Griffin thinks he identifies the writer responsible in David Kahane (D'Onofrio), and arranges a confrontation after speaking briefly to David's attractive artist girlfriend June (Scacchi). But it goes wrong. David ends up dead...and being a murderer definitely complicates Griffin's efforts to keep his job...especially when he begins to fall for June.
Most of the film runs through a playground of Hollywood, with dozens of celebrity cameos adding to the mirth, and two great plots involving Griffin: one, trying to stay out of jail, and two, trying to sabotage his new rival with an outrageous pitch for a depressing movie with no stars.
By the time all is said in done, the one person in the film who stood for truth and integrity is the one left in ruins. Sad? Of course, but in keeping with the movie's cynicism, you realize anyone in Hollywood who keeps their soul will lose everything else. Plus it's part of a large finale that includes the final screening of Griffin's “art film”, and a perfect wrap-up with the postcard writer.
The ending is only matched by the opening; one of the best long, uncut tracking shots of all time, that focuses on one group and another, establishing the characters and the feel...while ironically, a pair of characters discuss movie opening shots, citing Orson Welles' unbroken opening for Touch of Evil. It's clear Altman was paying homage to these shots while determining to surpass them, and he did. Later openings like Paul Thomas Anderson's Boogie Nights owe a little something to what Altman crafted here.
It's big, but unlike the majority of Altman's works, this one never loses focus or feels like chaos run amuck. The success of this film would give him the chance to eventually make Short Cuts, his dream project (and to me, another indulgent mess), but it also meant Altman would continue to work until his passing.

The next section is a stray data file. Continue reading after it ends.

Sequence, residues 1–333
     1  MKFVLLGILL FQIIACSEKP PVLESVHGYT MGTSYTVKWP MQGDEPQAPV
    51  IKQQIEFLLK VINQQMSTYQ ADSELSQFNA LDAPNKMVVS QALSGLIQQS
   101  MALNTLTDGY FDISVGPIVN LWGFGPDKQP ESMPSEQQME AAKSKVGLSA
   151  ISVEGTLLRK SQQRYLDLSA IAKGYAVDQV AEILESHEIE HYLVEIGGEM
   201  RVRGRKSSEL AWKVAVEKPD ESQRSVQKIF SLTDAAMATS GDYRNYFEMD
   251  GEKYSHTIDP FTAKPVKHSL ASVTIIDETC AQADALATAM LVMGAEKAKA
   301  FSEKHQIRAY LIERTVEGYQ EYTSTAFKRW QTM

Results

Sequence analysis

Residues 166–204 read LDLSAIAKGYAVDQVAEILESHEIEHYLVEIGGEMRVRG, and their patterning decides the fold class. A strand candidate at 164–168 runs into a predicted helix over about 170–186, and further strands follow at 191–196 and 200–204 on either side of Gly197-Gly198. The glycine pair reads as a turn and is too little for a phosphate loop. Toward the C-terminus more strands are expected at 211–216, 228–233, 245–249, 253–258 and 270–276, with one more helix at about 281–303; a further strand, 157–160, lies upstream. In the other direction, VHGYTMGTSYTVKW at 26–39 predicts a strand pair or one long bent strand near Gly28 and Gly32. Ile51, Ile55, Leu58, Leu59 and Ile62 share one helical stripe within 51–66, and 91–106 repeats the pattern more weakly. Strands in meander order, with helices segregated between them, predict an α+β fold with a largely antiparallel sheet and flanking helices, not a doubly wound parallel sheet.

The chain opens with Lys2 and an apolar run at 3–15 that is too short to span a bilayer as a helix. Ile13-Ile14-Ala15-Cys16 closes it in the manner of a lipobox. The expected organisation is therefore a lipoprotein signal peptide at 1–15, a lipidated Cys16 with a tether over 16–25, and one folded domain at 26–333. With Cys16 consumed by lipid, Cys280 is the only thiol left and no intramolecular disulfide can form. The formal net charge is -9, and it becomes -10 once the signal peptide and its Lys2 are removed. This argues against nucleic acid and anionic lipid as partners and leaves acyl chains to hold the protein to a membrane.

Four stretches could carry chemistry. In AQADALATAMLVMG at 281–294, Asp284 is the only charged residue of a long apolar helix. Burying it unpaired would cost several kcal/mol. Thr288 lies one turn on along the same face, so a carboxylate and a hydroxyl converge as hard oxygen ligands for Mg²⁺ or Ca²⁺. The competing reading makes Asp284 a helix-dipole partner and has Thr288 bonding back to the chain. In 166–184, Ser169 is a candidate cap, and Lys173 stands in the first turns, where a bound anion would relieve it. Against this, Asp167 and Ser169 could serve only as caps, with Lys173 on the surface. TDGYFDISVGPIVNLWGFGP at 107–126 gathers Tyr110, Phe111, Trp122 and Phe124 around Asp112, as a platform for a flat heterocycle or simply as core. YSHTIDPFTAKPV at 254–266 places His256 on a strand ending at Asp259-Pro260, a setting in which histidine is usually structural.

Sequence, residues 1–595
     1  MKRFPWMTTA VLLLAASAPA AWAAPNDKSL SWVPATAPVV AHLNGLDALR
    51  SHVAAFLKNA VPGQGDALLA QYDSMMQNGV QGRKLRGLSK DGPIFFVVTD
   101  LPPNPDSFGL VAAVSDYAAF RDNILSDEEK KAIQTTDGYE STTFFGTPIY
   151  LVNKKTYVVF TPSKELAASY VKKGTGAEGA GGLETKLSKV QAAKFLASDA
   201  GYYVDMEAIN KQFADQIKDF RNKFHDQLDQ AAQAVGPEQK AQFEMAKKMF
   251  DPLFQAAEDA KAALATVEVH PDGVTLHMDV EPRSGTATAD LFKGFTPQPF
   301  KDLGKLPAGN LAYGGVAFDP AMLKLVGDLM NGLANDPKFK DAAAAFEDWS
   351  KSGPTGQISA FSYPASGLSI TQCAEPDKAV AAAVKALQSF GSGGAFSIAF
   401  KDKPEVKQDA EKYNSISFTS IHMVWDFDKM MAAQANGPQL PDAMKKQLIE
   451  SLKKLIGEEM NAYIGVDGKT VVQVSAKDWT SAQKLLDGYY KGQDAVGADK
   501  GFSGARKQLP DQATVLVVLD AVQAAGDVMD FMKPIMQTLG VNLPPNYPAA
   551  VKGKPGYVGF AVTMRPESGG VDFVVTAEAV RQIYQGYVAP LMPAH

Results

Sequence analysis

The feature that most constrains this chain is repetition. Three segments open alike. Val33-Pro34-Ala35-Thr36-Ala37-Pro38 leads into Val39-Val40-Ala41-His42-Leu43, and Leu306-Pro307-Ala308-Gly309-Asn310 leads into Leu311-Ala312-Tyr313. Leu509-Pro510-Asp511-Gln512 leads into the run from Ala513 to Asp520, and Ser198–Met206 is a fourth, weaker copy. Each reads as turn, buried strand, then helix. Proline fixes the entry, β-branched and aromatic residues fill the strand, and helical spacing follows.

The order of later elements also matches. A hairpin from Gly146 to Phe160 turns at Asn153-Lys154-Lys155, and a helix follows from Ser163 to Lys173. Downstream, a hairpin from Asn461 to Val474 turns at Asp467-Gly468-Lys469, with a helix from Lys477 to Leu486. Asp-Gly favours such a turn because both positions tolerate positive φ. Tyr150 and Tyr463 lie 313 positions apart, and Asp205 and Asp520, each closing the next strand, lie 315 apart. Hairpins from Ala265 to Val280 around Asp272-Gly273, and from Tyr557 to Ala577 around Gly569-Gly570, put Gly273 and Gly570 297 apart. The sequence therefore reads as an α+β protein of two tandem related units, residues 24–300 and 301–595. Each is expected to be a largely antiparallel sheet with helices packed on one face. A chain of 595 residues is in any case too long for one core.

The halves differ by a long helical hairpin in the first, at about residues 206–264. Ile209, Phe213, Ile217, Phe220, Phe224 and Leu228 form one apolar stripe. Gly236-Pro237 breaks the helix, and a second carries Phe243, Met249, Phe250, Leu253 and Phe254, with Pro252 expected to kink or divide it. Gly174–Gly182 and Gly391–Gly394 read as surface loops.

To me, his career apexed with The Player. It remains an all-time favorite movie of mine, and possibly the one I would pick, even over Nashville and M*A*S*H as the movie I would show someone in order to introduce them to what Altman could be those rare times when he really WAS at his best.
This film is starting to show it's age a little bit. This 4K presentation from Criterion is still quite good, but colors are getting just a tad muted and overall detail levels just a bit soft. Still, no compression or artifacting is evident.
Criterion delivers an uncompressed version of the original 2 channel surround (stereo front, one signal to the rear), and it works fine. Dialogue, though sometimes overlapping, is still clean and clear, though by nature, dynamic range here is minimal.
The extras include the original 1992 commentary from Altman, plus a new featurette with new cast and writer interviews, a 1992 Cannes press conference, a short bit about the filming of the fundraising scene, a gallery of the cameo appearances, deleted scenes and outtakes, and the opening shot with commentary, plus some trailers and TV spots.
The Player is a bold, ambitious, funny masterpiece from Robert Altman, and if you've never seen it, you really need to check out this Criterion Blu-ray for a unique experience!